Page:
Well Suited, But Not Perfect

Although bass are by far the best-suited species to support a tournament fishing industry, livewelling bass still has its fair share of consequences.

The effects of tournaments on bass has been studied rather extensively since the mid-’90s when the industry’s popularity was rapidly growing. While post-catch mortality rates were the primary focus early in the research, it became clear rather quickly that the behaviour and survivability of the fish released after weigh-in was an equally important subject in determining the impact of tournaments on bass fisheries.

Thankfully, the majority of studies focused on this issue determined that roughly 97% of Largemouth and 91% of Smallmouth survive their tournament experience, taking into account post-catch, weigh-in, and post-release mortality. That being said, however, fish behaviour once they were returned back to the water, showed much less promising results.

As anyone with tournament experience will tell you, released bass are slow and stagnant, often remaining in a zombie-like state in the areas they are released for long periods of time before going back about their business. More than simple shock or exhaustion, this lethargic behaviour is a result of severe lactic acid build-ups in the muscles of the fish. While this is not necessarily a deadly condition, this build-up does inhibit the fish’s ability to swim in fast bursts for up to 24 hours, likely rendering it unable to effectively feed or escape predators for that period of time.

Although this unfortunate state of post-release bass is common, it is, thankfully, not inevitable.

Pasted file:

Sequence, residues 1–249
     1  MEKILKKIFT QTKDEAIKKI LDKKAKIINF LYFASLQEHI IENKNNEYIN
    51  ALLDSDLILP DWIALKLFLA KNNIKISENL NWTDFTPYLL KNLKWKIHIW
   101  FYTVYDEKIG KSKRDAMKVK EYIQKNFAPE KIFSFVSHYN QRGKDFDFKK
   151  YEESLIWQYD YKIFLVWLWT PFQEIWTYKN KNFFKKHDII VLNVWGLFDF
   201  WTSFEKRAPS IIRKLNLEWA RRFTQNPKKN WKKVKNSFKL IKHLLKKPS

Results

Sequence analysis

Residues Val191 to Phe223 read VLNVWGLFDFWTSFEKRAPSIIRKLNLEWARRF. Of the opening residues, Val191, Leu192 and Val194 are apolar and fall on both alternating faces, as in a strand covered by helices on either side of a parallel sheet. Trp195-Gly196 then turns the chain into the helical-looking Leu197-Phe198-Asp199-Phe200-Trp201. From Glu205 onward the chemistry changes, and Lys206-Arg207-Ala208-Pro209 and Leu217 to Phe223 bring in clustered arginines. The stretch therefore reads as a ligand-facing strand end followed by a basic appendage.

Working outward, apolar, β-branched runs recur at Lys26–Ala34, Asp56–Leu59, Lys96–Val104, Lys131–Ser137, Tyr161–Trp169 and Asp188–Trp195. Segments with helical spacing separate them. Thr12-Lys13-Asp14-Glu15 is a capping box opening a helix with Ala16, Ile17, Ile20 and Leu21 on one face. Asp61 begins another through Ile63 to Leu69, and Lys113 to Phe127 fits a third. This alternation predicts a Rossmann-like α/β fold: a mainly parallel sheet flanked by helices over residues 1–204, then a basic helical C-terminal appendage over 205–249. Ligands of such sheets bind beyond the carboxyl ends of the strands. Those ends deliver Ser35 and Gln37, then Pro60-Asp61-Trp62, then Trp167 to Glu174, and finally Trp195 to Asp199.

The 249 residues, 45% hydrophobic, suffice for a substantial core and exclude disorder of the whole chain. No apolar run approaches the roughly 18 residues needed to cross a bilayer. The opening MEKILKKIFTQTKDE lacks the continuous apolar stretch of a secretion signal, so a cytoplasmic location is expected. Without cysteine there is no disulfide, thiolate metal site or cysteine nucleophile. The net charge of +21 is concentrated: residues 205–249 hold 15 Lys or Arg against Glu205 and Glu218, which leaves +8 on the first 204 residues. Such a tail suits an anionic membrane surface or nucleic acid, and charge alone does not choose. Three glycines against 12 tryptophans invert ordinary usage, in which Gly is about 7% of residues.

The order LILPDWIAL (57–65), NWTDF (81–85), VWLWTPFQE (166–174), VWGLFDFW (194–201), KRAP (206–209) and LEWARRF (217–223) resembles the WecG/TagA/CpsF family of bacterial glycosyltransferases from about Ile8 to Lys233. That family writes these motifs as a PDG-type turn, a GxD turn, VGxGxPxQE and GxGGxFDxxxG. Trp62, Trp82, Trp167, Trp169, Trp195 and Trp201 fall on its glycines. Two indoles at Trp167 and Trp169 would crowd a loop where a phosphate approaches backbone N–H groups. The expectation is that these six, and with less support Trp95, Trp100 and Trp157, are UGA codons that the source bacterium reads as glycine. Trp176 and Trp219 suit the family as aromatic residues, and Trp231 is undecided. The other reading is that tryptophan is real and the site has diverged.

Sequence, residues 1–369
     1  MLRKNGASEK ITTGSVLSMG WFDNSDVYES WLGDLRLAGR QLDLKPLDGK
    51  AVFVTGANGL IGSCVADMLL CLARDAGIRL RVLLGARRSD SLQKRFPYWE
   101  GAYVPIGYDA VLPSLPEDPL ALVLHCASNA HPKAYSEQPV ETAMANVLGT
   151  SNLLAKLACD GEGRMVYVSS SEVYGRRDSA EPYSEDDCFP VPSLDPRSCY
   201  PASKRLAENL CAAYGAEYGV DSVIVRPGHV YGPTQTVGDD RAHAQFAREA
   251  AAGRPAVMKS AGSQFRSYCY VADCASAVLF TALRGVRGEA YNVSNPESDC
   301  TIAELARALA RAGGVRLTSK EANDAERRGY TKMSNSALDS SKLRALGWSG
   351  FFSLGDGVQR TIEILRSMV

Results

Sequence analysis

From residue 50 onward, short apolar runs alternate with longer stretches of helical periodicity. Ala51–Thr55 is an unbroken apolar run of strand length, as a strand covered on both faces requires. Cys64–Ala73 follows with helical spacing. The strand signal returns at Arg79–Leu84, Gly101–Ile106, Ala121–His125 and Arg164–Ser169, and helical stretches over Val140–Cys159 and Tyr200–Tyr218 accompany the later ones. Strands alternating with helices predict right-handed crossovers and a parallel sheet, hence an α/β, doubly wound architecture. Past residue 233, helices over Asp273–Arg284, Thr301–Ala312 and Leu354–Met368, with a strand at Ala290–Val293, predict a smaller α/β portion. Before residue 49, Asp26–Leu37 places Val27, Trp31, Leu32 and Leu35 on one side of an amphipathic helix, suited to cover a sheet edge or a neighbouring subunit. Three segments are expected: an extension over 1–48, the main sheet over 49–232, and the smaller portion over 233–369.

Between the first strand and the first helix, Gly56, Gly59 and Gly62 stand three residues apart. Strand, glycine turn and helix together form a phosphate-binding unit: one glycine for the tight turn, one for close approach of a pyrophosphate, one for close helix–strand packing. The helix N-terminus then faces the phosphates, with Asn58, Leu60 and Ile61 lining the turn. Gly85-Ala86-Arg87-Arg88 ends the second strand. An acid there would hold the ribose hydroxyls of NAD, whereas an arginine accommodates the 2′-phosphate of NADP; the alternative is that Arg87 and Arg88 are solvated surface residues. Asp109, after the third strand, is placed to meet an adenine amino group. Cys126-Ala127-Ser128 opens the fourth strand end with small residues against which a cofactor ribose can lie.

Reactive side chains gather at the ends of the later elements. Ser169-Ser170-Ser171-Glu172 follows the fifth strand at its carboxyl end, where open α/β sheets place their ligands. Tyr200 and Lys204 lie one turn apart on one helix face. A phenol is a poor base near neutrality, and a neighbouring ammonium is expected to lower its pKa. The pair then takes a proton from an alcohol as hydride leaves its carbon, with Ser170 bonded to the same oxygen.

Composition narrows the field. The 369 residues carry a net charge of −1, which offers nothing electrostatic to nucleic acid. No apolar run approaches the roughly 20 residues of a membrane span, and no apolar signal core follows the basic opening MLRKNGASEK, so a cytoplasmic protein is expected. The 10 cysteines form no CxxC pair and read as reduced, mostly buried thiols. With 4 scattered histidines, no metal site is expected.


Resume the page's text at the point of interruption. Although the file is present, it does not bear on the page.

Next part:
Most studies concerning the issue link this build-up of lactic acid directly to air exposure, meaning that bass can likely be protected from this state as long as they are kept in water as long as possible. This is already being achieved in many tournaments through the use of holding tanks and the elimination of dry weigh-ins. Tournament organizations such as the MLF are also paving the way by eliminating livewells and weigh-ins altogether, putting scales on the boats to allow for the fish to be released just seconds after they are caught.



Allen, M. S., Rogers, M. W., Myers, R. A., & Bivin, W. M. (2004). Simulated impacts of tournament-associated mortality on largemouth bass fisheries. North American Journal of Fisheries Management, 24(4), 1252-1261.

Hartley, R. A., & Moring, J. R. (1995). Differences in mortality between largemouth and smallmouth bass caught in tournaments. North American Journal of Fisheries Management, 15(3), 666-670.

Schramm Jr, H. L., Vondracek, B., French, W. E., & Gerard, P. D. (2010). Factors associated with mortality of walleyes and saugers caught in live-release tournaments. North American Journal of Fisheries Management, 30(1), 238-253.

Suski, C. D., Cooke, S. J., Killen, S. S., WAHL PHILIPP, D. D., & Tufts, B. L. (2005). Behaviour of walleye, Sander vitreus, and largemouth bass, Micropterus salmoides, exposed to different wave intensities and boat operating conditions during livewell confinement. Fisheries Management and Ecology, 12(1), 19-26.The opercular rate of largemouth bass did not vary significantly throughout the experiment from initial values

Suski, C. D., Killen, S. S., Morrissey, M. B., Lund, S. G., & Tufts, B. L. (2003). Physiological changes in largemouth bass caused by live-release angling tournaments in southeastern Ontario. North American Journal of Fisheries Management, 23(3), 760-769.

Fish'n Canada